We were hoping to use these for prep, but they will work fine for our review and discussing the series in our 5 Shepherd Groups using this curriculum in their studies. We pray you are enjoying the series. It has been a series we have had since our infancy as a fellowship. This is the third time through this series for some of you. It has been a course Pastor Vossen had us cut our teeth on early in the Ministry.
This lesson can be broken up into three ideas which have, at their cores, a common theme.
The first section (Luke:1-22) concerns the ministry of John the Baptist. He is preaching the “baptism of repentance for the forgiveness of sins” along with exhortations for reformed conduct to various groups. Among the people that came to John was Jesus. Keep that in point in mind.
The next section is the genealogy of Jesus, Luke3:23-38. There are two in the New Testament, one in Matthew, chapter 1, and the other here. Note the difference in the ancestor beginning each of the lists.
The third is the temptation of Jesus in the wilderness, Luke 4:1-13.
Consider these three points illustrated in these sections.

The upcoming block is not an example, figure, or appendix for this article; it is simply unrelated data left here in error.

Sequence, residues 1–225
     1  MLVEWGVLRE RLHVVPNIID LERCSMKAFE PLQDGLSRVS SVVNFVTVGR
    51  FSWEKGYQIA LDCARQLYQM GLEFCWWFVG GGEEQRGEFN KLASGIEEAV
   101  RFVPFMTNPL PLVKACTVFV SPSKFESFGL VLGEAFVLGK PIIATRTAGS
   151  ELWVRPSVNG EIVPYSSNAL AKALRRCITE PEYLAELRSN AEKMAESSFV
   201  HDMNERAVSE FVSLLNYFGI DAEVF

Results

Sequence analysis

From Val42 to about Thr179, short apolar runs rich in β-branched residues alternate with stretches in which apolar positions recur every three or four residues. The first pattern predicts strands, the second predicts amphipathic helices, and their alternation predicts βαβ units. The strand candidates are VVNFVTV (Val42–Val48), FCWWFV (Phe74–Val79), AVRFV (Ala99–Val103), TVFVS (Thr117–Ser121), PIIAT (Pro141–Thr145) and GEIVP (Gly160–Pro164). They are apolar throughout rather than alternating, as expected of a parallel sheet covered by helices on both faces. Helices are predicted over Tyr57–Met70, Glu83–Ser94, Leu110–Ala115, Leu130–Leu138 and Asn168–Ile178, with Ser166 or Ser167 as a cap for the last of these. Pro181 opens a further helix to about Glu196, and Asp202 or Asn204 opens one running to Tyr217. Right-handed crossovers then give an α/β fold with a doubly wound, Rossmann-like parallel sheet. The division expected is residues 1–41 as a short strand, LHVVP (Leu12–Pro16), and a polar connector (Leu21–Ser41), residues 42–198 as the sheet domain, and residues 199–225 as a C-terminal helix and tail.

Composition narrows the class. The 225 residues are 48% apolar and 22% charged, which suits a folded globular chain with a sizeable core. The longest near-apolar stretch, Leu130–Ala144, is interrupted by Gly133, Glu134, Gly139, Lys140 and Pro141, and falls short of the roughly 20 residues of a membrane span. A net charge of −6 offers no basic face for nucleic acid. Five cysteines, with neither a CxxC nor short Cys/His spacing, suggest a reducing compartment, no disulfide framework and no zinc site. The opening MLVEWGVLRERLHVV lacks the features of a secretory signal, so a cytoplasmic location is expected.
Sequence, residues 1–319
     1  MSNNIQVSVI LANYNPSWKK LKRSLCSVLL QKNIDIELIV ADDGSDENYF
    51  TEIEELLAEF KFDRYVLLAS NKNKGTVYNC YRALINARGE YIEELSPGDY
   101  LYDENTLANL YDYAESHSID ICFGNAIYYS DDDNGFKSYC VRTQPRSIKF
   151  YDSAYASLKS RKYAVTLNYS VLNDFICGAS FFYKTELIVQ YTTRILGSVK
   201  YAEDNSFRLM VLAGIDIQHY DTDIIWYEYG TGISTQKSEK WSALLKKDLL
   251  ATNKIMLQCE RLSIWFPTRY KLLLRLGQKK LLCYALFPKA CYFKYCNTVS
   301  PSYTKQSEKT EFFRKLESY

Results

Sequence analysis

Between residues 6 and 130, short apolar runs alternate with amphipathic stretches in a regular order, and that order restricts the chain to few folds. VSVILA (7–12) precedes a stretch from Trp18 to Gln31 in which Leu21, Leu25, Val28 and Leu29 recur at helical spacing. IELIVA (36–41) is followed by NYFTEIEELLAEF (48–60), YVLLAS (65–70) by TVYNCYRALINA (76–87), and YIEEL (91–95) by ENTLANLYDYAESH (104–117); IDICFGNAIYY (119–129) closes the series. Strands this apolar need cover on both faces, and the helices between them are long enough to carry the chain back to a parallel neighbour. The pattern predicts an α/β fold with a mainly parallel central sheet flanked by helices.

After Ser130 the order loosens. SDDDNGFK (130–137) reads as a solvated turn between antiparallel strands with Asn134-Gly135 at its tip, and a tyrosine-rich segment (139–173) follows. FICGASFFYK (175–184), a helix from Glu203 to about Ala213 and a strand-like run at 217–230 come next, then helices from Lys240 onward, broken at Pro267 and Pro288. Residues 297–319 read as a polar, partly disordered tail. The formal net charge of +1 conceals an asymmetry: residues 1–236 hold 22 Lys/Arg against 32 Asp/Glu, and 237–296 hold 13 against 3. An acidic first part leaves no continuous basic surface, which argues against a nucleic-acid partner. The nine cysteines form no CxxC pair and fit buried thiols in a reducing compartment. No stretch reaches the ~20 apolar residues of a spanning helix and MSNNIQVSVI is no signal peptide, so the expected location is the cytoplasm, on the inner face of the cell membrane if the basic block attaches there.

In this lesson, we see Jesus beginning His ministry.
He starts in His home town, Nazareth, by attending the synagogue there. The quotation that he uses is a mixed citation from Isaiah 61:1-2 and 58:6 using the Septuagint version. Note how in the following verses we see that prophesy in action.
“The Spirit of the Lord is upon me, for he has anointed me.“ (See Luke 3L21-22)
“He has commissioned me to announce good news to the poor,” (see Jesus calling the disciples Luke 5:1-11; 5:27-29; proclaiming the His mission Luke 5:31-39) “to proclaim release to captives and recovery of sight to the blind; to send off the oppressed with liberty, to proclaim an acceptable year of the Lord.” (Note that illness and possession were viewed as forms of captivity due to sin. Note the healings and especially the exorcisms that take place in these verses.)
Why did the people of Nazareth become so angry with Jesus’s statement in Luke 4:24-30? Refer to the two incidents mentioned: I Kings 17:1-16; 2 Kings 5:1-14. How does this relate to the foundation of the Christian church?
Reverend Patrick Vossen,